Sınıfınızı Ters Yüz Edin !
Sınıfını ters yüz eden bir öğretmen Karl. Kullandığı bu alışılmadık metod eğitim camiası tarafından ilgi ile izlendi. Teknolojinin sınıfa taşınmasını zorunlu kılmayan ama teknolojiyi de etkili bir şekilde kullanan bu yaklaşım artık pek çok makaleye konu oluyor. ... Devamı için tıklayınız.
Transitioning The Focus From Teachers To Students For Education Success
Flipped learning is a pedagogical approach in which direct instruction moves from the group learning space to the individual learning space, and the resulting group space is transformed into a dynamic, interactive learning environment where the educator guides students as they apply concepts and engage creatively in the subject matter. ... continue reading
I Tried It and It Didn’t Work !
Someone sought me out recently to say that she’d tried something I had recommended and it didn’t work. “You need to stop recommending that to people,” she told me. “How many times did you try it?” I asked. “Once and the students hated it,” she responded. This rather direct feedback caused me to revisit (and revise) a set of assumptions that can create more accurate expectations when implementing new instructional approaches. ... continue reading
What’s Your Relationship with Your Textbook?
I just read a couple of interesting studies exploring the relationship between the content in texts and the content covered by the teacher. The analysis was of introductory psychology courses and the conclusion not terribly surprising. The lecture and textbook material corresponded closely. If the chapter was long and the coverage extensive, a larger amount of lecture time was devoted to the topic as well. ... continue reading
MOOCs – A Tsunami of Promises
The prediction was that MOOCs will completely change the game in higher education. Enthusiasm was general – and groupthink so tempting – that many universities across the world adopted them as a panacea for “21st century learning” (and all other problems) without hesitation or critical reflection. Those reluctant to adopt MOOCs discovered that a “philosophical difference of opinion” with the governing boards on MOOCs involves a serious personal and professional cost. ... continue reading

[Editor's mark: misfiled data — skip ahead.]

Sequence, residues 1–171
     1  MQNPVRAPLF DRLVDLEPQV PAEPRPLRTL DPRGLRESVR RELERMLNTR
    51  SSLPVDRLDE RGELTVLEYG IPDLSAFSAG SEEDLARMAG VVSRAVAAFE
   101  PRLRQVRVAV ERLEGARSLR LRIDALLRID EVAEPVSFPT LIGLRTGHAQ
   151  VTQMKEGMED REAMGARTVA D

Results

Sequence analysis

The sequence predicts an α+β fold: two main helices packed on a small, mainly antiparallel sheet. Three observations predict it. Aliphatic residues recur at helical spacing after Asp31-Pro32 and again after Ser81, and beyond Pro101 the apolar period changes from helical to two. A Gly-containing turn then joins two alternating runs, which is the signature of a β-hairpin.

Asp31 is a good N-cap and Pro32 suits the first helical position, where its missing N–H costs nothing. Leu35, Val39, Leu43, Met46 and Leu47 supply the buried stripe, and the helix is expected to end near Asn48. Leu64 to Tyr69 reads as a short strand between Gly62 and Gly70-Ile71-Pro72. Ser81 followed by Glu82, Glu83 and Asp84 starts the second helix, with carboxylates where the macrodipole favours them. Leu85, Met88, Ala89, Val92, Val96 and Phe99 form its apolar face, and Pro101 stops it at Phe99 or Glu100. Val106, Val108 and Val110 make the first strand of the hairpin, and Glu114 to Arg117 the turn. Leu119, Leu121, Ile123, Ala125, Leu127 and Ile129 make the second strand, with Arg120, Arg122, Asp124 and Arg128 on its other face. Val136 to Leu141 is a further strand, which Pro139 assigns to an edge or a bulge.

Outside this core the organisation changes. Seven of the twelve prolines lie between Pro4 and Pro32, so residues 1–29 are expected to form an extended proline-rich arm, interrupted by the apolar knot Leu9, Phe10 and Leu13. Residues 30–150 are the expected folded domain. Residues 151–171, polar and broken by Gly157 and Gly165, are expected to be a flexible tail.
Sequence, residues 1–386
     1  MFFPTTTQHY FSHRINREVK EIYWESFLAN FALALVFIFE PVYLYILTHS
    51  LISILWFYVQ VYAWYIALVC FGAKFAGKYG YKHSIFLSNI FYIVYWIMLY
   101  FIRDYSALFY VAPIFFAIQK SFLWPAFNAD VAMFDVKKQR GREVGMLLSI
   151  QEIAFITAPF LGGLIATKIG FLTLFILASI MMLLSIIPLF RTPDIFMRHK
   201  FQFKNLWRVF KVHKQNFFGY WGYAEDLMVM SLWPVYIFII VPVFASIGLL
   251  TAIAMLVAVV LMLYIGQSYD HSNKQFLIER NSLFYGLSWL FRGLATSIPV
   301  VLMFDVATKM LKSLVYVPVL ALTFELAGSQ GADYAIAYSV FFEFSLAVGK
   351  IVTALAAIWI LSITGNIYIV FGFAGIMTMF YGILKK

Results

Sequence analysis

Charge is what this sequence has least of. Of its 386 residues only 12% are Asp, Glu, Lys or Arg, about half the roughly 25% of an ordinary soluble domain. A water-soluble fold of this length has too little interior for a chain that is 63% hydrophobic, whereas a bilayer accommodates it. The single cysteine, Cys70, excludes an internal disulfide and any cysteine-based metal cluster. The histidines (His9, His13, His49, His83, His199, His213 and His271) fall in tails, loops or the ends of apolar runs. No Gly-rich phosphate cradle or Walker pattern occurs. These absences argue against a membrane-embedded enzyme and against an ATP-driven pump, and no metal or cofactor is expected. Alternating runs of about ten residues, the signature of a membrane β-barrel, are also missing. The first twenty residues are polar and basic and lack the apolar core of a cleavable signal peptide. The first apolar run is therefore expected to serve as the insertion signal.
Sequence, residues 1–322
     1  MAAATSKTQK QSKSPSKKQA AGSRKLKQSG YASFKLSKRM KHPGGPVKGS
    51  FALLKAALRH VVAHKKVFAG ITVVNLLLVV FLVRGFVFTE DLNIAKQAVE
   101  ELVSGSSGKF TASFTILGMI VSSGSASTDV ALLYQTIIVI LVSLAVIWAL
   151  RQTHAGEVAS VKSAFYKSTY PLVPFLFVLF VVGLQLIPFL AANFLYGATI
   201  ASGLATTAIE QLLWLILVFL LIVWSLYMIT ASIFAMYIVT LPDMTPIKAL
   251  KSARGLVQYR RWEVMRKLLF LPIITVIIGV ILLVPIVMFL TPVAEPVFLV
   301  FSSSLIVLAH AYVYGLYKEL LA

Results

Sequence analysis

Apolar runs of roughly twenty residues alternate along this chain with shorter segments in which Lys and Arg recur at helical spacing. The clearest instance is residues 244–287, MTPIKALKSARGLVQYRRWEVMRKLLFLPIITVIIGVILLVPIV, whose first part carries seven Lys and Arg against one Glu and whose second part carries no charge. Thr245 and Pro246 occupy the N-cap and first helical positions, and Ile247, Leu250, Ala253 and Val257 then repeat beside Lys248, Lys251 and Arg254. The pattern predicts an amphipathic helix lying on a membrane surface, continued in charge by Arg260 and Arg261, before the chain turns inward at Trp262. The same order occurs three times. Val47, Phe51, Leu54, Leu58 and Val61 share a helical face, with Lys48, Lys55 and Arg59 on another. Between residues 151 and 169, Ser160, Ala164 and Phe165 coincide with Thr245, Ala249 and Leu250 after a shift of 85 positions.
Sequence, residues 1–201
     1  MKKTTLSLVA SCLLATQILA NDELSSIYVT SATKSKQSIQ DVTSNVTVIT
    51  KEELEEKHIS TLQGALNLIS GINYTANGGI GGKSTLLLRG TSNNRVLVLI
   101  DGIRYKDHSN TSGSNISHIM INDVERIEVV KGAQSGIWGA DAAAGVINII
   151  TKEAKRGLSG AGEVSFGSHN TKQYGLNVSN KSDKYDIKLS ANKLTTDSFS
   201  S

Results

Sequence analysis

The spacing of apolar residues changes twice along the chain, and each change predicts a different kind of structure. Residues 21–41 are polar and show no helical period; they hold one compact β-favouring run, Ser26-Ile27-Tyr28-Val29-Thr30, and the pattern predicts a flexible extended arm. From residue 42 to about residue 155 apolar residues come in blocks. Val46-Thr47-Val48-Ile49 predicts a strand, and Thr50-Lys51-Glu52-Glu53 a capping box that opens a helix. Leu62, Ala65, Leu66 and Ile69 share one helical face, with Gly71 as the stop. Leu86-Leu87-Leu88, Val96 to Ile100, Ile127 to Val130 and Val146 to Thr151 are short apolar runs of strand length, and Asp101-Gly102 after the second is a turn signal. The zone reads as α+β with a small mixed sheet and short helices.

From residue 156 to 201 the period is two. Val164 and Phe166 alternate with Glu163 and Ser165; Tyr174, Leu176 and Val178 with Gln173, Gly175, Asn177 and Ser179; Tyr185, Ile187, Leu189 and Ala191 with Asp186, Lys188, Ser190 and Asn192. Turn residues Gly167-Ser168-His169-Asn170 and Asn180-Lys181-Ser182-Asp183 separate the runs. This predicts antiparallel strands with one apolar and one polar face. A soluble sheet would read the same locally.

Learning New Lessons
TOP-QUALITY teaching, stringent admissions criteria and impressive qualifications allow the world’s best universities to charge mega-fees: over $50,000 for a year of undergraduate study at Harvard. Less exalted providers have boomed too, with a similar model that sells seminars, lectures, exams and a “salad days” social life in a single bundle. Now online provision is transforming higher education, giving the best universities a chance to widen their catch, opening new opportunities for the agile, and threatening doom for the laggard and mediocre. ... continue reading
The Year of the MOOC
IN late September, as workers applied joint compound to new office walls, hoodie-clad colleagues who had just met were working together on deadline. Film editors, code-writing interns and “edX fellows” — grad students and postdocs versed in online education — were translating videotaped lectures into MOOCs, or massive open online courses. As if anyone needed reminding, a row of aqua Post-its gave the dates the courses would “go live.” ... continue reading